Speaking Italian to THE Italians

Traveling can be hard enough, but not knowing the language makes life much more difficult.

Lucky for me, I knew Italian before I went to Italy, but even then I was still worried. Would I speak too slow? Would I construct my sentences wrong? I can’t even begin to imagine how my friends who had never spoken Italian felt.

It can be very intimidating speaking Italian to THE Italians at first, but after four months I became very comfortable with it.

Here are some tips on how to survive speaking Italian.

 Tip #1: Practice Beforehand

There are a ton of great apps and books now that will help you learn the basics of the language pretty quickly.

Before I left for Italy, I spent about 30 minutes everyday on the app, Duolingo, to help me brush up on my Italian. Duolingo is a great app because it makes learning Italian fun and it really helped with expanding my vocabulary.

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If you want a more in-depth experience and prefer a textbook style of learning, check out this guide to teaching yourself Italian. Check out the link below:

Italian: A Self-Teaching Guide

Tip #2: Don’t Completely Rely on Translators

Many of my friends downloaded translator apps so that they could translate things right on the spot. Translators don’t give you the full experience though of communicating with Italians and create a barrier.

If you want something to keep on you just in case, I suggest buying an Italian pocket dictionary. The dictionary will have more accurate translations (and you also then don’t have to worry about having your phone stolen with the app on your phone). Check out this dictionary:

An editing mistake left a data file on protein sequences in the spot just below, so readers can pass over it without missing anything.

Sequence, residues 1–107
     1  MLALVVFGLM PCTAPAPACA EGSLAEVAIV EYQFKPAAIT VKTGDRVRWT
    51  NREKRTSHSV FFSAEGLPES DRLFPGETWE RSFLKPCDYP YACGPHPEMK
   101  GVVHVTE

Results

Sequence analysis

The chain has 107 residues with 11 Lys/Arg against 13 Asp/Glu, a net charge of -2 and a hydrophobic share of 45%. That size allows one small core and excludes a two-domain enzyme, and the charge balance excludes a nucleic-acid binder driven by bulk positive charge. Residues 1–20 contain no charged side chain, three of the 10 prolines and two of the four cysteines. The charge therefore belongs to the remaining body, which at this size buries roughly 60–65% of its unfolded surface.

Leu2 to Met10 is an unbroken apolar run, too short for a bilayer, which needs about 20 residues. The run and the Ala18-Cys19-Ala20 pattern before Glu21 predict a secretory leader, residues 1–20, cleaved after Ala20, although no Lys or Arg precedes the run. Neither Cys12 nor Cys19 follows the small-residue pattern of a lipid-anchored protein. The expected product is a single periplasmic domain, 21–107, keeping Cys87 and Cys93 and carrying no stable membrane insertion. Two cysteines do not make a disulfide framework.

Italian Pocket Dictionary

Tip #3: Italians Words Are Very Similar to English

You may be surprised to discover that many Italian words are similar to their English counterparts. Crazy as it may sound, sometimes speaking in English can help you if the words are similar enough.

For example, if you’re at a restaurant ordering food, most of the names of pastas are similar to ones in the US. (Pasta in Italian is “pasta.”)

If saying the English word doesn’t work, you can always use the next tip.

Tip #4: Use Your Hands

One of the typical stereotypes of Italians is that they use their hands to communicate.

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It is completely true.

If you’re having a hard time getting your point across, use your hands to gesture at things or demonstrate what you’re trying to say. It might seem ridiculous, but the Italians can try to figure out what you are trying to say.

On numerous occasions I used my hands to communicate, while also speaking Italian. Using your hands is just an extra tool you can use when communicating with the Italians.

Tip #5: Most Italians Know Some English

Most of the Italians in big touristy cities, like Rome and Venice, know some English after countless years of American tourists. If you don’t know what to say to the Italians in Italian, they might know what to say to you in English.

As I mentioned in, How to Pick the Perfect Restaurant, ordering at a restaurant can be scary, but most of the waiters know some English to help in the process.

The Italians are willing to meet you in the middle. They will help you with the language barrier as long as you give some effort too.

The Italians also LOVE hearing tourists speaking Italian. There were so many times when I ordered in Italian and the waiter would get this huge grin after all my friends had ordered in English. They appreciate the effort it takes to use their language and they love helping you out. Many Italians helped with my pronunciation of words and my sentence structure.

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Putting some effort into learning Italian goes a long way with the Italians and makes your life a lot easier.

Ciao belli!

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